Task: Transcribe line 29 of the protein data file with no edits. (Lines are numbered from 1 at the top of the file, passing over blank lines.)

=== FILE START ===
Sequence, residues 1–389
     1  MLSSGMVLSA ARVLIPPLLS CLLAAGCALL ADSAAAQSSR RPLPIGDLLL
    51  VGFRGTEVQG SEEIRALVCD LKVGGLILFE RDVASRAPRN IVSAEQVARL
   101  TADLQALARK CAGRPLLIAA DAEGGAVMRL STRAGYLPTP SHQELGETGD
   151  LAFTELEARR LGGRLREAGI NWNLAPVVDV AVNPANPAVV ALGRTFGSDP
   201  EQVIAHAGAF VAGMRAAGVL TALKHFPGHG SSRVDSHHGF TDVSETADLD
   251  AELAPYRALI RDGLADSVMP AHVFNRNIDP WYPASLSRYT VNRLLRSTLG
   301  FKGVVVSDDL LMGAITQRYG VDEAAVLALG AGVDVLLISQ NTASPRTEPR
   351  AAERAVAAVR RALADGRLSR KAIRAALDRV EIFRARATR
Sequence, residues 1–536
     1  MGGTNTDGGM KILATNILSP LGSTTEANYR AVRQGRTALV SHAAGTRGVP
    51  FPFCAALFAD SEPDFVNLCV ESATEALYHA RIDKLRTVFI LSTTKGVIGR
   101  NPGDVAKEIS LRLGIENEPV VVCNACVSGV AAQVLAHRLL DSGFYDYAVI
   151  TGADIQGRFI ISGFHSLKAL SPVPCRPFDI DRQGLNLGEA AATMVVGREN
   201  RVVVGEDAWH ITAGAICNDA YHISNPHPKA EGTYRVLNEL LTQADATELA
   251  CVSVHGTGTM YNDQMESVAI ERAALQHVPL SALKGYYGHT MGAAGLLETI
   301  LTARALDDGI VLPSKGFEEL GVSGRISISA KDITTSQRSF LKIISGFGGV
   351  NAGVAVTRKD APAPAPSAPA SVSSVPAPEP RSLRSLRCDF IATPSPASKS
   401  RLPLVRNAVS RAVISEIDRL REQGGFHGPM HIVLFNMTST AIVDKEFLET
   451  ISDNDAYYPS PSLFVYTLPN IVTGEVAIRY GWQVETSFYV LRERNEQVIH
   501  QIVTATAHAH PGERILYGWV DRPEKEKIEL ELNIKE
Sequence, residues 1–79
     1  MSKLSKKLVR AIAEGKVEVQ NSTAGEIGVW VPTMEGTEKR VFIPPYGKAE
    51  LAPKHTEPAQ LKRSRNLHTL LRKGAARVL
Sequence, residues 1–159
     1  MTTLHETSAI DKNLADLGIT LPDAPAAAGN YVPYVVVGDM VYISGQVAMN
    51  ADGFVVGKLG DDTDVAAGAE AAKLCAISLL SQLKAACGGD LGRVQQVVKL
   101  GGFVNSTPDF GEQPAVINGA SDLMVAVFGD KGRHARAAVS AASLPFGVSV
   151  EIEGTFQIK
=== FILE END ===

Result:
   151  EIEGTFQIK